We celebrated, did presents.  Watching her navigate the complete immersion gave me guilt.  She looked drained.  I took her a few times to another room to have an alone check-in.  She held it together; she did pretty well.  She only needed to make it through the night.   

Christmas Eve

We left that morning.  FINALLY, we were taking our little girl home.

She was ecstatic.  She bolted up the stairs, laid in her bed.  Soleil, Ax and Violet all giggled and played, so happy to be together again. 

Holidays for us feel magical.  They aren’t about religion.  They are traditions and family.  Our tree was so tall and beautiful.  Presents piled underneath.  Glowing lights, Bing Crosby, pine tree smells and comfort food.  No sleep the night before.  Frost outside, insides warm.  Loved it.  Easily one of my favorite times of year.

Our family friends came for a Christmas Eve pajama throw down.  Again, love for them aside, it was asking her to manage more dynamics.  Not bad, just effortful. 

My husband had ordered our family matching onesies, with nicknames he called everyone, sewn on.  As he unveiled them, Violet’s eyes lit up from the affection of the familiar name.  Her most desired love, affirmed in a single gesture.

We all ran, excited to put them on and laugh at each other. 

Violet’s pajamas were too small

She was the only one whose didn’t fit.  I panicked and tried to make light, “No big deal honey, you’re not a kid size anymore, you need women’s!  Take mine.”  She cried.  To a girl who was already self-conscious, this was traumatic.  The sweet moment, contaminated.

 The Big Deal with Little T Traumas: Trauma is just that - more than mind and body can bear without causing disruption in our lives.  Big “T”s are the obvious – accidents, death, divorce.  The Little “T”s are relative. (see link)

For Violet, it was pretty much anything that eroded her feelings of self worth – a look from someone without a smile, not being the best at something, feeling different.  All related to personal issues and tolerance levels. 

And here, the struggle began.

Violet was who she was.  She WAS going to interpret smaller incidents as overwhelming; they WERE going to feel like Little “T”s.  The only thing she could do was strengthen her skills for managing those feelings, by focusing on positives, gratefulness, and calming strategies. 

We went upstairs in private and tried to wrap our minds around the pajamas. 

She cried and tried not to get hysterical, “I’m so fat Mommy and these look terrible.  They are so tight!  And I want to wear MINE, not YOURS!  I want to have MY nickname that Daddy put.” 

“Honey, I understand how you feel.  Look at the tag babe.  These are for KIDS!  You are 11!  You are almost as tall as me, you just need a women’s small, that’s it.  I know it’s disappointing, but all we can do is come up with another solution.  Try and take a breath, put mine on, and shake it off.”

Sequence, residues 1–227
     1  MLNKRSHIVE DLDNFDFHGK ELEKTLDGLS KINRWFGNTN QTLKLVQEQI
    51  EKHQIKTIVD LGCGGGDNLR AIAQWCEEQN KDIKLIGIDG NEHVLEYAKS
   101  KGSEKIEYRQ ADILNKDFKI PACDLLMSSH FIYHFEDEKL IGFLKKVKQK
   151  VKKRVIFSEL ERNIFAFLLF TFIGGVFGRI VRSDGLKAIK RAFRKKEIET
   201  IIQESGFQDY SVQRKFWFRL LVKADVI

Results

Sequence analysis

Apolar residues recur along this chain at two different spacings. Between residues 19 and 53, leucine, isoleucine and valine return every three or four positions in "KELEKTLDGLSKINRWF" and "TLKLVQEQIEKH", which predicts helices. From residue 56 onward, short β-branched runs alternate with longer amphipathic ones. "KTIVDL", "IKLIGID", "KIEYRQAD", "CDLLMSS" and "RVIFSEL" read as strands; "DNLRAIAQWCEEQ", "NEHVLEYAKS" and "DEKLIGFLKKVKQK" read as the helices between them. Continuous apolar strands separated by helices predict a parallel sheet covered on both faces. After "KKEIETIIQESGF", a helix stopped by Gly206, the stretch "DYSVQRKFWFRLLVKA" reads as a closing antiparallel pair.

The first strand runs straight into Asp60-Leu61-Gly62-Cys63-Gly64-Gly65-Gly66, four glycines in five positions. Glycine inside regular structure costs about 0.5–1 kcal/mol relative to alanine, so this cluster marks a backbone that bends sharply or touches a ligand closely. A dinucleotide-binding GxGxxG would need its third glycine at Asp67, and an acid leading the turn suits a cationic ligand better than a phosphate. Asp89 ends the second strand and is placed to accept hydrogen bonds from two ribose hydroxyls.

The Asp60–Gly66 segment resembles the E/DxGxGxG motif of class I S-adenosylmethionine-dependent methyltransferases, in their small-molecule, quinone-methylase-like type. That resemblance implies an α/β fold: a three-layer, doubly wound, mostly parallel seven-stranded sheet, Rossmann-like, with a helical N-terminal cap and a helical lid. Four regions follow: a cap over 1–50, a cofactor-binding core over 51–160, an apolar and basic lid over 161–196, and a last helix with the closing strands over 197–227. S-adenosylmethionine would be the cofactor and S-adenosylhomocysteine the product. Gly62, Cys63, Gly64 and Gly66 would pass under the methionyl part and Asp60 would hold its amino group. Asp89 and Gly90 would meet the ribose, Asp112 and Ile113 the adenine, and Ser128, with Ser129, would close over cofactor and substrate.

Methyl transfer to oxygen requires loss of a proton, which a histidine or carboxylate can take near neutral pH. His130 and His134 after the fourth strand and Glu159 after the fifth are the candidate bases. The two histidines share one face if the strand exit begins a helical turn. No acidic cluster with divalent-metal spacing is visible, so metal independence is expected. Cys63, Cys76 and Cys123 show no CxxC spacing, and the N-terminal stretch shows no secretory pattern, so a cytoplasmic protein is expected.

We switched, leaving her with “Ahmee the Mommy” on her chest.

She did it, soothed herself, used her tools.  Changed into mine, came down to read the Christmas Story.  By the third page, she was fast asleep on the rug.  FRIED.

Christmas Day

6 am, kids ran down and slayed the presents.  Coffee brewed, carols played, paper schrapnel covered the floor.  Hysterical laughter and smiles from ear to ear.  Lots of thank yous.  Ahhh yes, together.  My heart overflowed.

Soleil and Violet had a dance party together.  They tried on new clothes.  Soleil was beside herself with joy that her sister wanted to play with her.  We started to prep for dinner and set the table.

“I want to sit next to Violet!”

“Noooo!  I’m sitting next to her!!!” 

This kind of bickering, I would embrace.  The internal smile in Violet was worth it.

I felt so content.  Although not without its moments, I was able to have perspective and see that everyone was enjoying each other, including me. 

We all got ready for guests.  Violet “styled” Sol by helping her choose clothes.  She beamed with feeling old and cool.  Did her hair just like Violet’s.  Ax wore a suit and wanted to show Violet as soon as his getup was complete.  Sibling love in the air, the band was back together. 

The day progressed, no major issues.  We made it through some stressful dinner guests and bedtime without disruption.  Tension, but no breakdowns.

The Day After

Violet’s flight back to school was the next morning.  I could have guessed this would be a hard day.  She saw her local favorite friend, who she was always great with, a perfect distraction.  Still, she came home and looked completely ravaged.  She seemed as if she had outrun her capacity for effort.  The high of being home was wearing off. 

We started dealing with packing.  What to leave, what to bring.  I saw something lurking behind the façade of “I’m fine.”  The understandable anxiety and sadness of leaving again?  Resentment that the other kids got to stay?

I went downstairs to make dinner.  Heard some foot stomping and my stomach flip-flopped.  We had not had aggressive sounds in months.  Precursor to danger.

“What are YOU looking at?”  Violet shoulder-shoved my husband as she passed him in the hallway.  Oh no.  He tried to help her…

“Vi, what was that?  What’s going on?  Feels like you need to use your tools, you ok?”

 And just like that, the switch flipped.   

I don’t even remember what happened in these mere moments.  There were more disrespectful words and tones, it escalated quickly into yelling.  My husband came downstairs.  I got involved.